A deputy on proactive patrol in Goleta successfully resuscitated a man he found overdosing at 11:50 p.m. Monday, Nov. 28.

The deputy noticed a man lying on his back on the sidewalk near the 5900 block of Hollister Avenue. The deputy stopped to check on the subject and found him unresponsive. Recognizing the signs of an apparent overdose, the deputy requested an emergency medical response.

While medics were enroute, the deputy administered a single dose of naloxone to the patient who regained consciousness before being transported by ambulance to a local hospital. The patient is expected to survive.

The Sheriff’s Office points to the incident as an example of the danger of fentanyl use; the importance of carrying naloxone; and recognizing the signs of overdose which may include:

Difficult to wake up
Slowed Breathing
Blue or pale lips and fingernails

If you notice these signs, call 911 immediately and give naloxone, the Sheriff’s Office said. An individual who is experiencing an opioid overdose needs immediate medical attention.

An essential first step is to get help from someone with medical expertise as quickly as possible. Members of the public are urged to call 911 if they suspect an overdose is occurring. California’s 911 Good Samaritan law, AB 472, provides limited protection from arrest, charge and prosecution for people who seek emergency medical assistance at the scene of a suspected drug overdose.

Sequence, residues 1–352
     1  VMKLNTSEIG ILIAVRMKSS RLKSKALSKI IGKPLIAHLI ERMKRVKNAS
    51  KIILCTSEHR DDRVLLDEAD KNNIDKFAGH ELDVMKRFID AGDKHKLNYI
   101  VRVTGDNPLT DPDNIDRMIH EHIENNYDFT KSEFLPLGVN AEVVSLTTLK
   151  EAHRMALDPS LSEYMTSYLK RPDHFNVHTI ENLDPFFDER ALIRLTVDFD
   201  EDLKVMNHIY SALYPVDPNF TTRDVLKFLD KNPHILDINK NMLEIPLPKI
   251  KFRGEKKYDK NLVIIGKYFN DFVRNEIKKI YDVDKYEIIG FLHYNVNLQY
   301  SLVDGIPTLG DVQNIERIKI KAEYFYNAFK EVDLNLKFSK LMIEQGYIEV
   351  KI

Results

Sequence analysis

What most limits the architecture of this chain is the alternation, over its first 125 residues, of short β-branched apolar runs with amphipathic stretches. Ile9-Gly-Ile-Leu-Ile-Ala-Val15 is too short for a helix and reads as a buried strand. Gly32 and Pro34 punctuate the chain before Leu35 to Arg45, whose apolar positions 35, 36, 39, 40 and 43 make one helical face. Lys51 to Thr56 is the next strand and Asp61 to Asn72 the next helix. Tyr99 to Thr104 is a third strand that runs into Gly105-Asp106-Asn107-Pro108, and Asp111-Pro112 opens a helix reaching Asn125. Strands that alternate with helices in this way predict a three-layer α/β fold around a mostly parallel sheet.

Naloxone is a potentially lifesaving medication designed to help reverse the effects of an opioid overdose in minutes. Opioid overdose can be due to various factors including deliberately misuses of a prescription, illicit opioid use (such as heroin), or use of an opioid contaminated with other even more potent opioids (such as fentanyl).

Narcan nasal spray in plastic wrapper.
Narcan nasal spray is used to avert effects of a drug overdose.

Overdose can also occur when a patient takes an opioid as directed but the prescriber miscalculated the opioid dose, when an error was made by the dispensing pharmacist, or when the patient misunderstood the directions for use. In each of these, it is vital to recognize and be prepared for a possible life-threatening opioid overdose emergency.

Community partners at Pacific Pride Foundation (PPF) offer free naloxone at their syringe exchange program and at their Santa Barbara and Santa Maria offices, the Sheriff’s Office said. Visit PacificPrideFoundation.org for more information about naloxone distribution and overdose prevention.